Bull turned towards her questioningly. It took a moment for her to realize that he was waiting for orders - her orders. She glanced to where the Chargers were. An alliance with the Qun could help the Inquisition, she knew that. However, she knew the Chargers as well, knew how important each one of Bull’s men was to him. They were like his family - similar to how the Seekers were Cassandra’s, and Clan Lavellan had been hers.
Her grip tightened on her staff at the comparison. This was it: a chance to stop history from repeating itself and she wasn’t going to take it for granted.
“Call the retreat.”
So Bull blew the horn, despite the other elf’s protests.
“We can make this up to your people,” she tried to reassure him.
“No, you can’t.”
They were left out on the cliff, forced to walk back to their camp with wet armor and soaked boots in silence. Bull seemed quiet as they ate dinner, and she couldn’t blame him, but knew that it would have been worse to lose the Chargers. She wondered if it was selfish to throw away the alliance because of personal interests, but quickly put the thought out of her mind. What was done was done.
That night Athesa sat cross-legged on her bedroll, staring at her lap while she thought over the day’s events. Solas sat next to her, quietly reading one of the books he had brought with him from his study. The heels of her hands rubbed her eyes irritably when she felt them begin to water. She was tired of crying, tired of that sick feeling in her stomach, and the knot in her throat that never seemed to go away. Most of all, though, she was tired of feeling so sad.
After running her hands down her face, she looked over at Solas. His book had been put down, although she wasn’t sure when he had done that, and he glanced at her.
“Do you regret it?”
“No.” Shaking her head, she turned so that she was sitting in front of him. “It was the right thing to do. The Chargers are safe.” At least she was able to save something this time.
“You had to make a difficult decision, and it is good that you are able to stand behind it.” He leaned in to press their foreheads together. “I am impressed.”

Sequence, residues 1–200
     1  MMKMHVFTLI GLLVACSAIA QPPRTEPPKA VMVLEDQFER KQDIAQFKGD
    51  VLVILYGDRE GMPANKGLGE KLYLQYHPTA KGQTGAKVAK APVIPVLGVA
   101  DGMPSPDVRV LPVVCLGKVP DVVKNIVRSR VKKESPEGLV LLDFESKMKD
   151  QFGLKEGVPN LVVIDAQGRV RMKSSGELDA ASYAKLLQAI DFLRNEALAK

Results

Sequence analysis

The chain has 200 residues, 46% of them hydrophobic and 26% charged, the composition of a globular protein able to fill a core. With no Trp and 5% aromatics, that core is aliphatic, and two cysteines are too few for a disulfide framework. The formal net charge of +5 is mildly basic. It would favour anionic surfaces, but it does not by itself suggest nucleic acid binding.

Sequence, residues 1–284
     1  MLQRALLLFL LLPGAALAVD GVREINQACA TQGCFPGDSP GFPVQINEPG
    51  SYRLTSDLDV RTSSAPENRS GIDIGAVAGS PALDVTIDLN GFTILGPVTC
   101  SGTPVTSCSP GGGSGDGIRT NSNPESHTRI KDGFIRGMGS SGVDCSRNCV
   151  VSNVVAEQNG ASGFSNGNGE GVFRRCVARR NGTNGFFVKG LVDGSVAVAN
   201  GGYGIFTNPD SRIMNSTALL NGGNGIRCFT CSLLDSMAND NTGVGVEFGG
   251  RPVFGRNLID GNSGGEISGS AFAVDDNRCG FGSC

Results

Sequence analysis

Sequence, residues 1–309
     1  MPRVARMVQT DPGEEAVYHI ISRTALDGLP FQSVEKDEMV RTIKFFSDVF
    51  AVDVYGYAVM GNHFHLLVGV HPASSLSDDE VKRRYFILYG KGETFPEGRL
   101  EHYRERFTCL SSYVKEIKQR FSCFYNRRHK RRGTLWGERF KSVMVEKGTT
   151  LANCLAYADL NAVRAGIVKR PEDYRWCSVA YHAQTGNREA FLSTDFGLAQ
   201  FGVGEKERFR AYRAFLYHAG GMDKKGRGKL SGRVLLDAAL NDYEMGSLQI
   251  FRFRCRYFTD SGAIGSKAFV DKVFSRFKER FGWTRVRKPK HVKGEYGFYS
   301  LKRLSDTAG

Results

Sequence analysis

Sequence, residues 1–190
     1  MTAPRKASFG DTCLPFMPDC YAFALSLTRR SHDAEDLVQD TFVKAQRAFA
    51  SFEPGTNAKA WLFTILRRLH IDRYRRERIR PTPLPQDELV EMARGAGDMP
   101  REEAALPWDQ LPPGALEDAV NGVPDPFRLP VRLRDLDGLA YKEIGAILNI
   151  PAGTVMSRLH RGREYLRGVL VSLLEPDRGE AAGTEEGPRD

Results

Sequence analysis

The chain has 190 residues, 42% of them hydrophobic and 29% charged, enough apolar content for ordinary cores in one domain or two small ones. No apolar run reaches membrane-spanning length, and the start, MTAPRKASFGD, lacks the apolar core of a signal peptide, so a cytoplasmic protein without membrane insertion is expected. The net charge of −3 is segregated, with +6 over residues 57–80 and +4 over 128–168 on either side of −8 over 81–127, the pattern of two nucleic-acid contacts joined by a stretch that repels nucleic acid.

Stomach fluttering, Athesa moved forward until she was sitting in his lap, legs loosely wrapped around his waist and arms around his neck. “How impressed?”
“Very.” His mouth trailed along the vallaslin on one of her cheeks, pressing chaste kisses until he reached her hair. A small laugh bubbled up, to her own surprise. Creators, it felt like years since she had last laughed.
Thoughts of her clan still lingered in the back of her mind but she did her best not to think about it. The entire trip to the coast had been spent digging herself out of that rut that left her with tears and guilt, and the thought that she could easily be stuck in that vicious cycle again was worrying. Instead, she focussed on the rain that fell outside, what it was like to be sitting so close to Solas, what it felt like to laugh - the Inquisitor tried to memorize all of it. She buried her face in his neck, still smiling as she felt him fold his hands behind her back.
“What are you thinking about?” he eventually asked.
“... Months ago I couldn’t even sit next to you on your couch without shoving a blanket between us,” she answered quietly. “Now I’m sitting in your lap, in my tent, while you kiss me.”
His tone grew serious. “And what do you think about that?”
“Good things.” She brought her face up to meet his. His eyes were bright and blue and she couldn’t bring herself to look away.
“I am pleased to hear it.”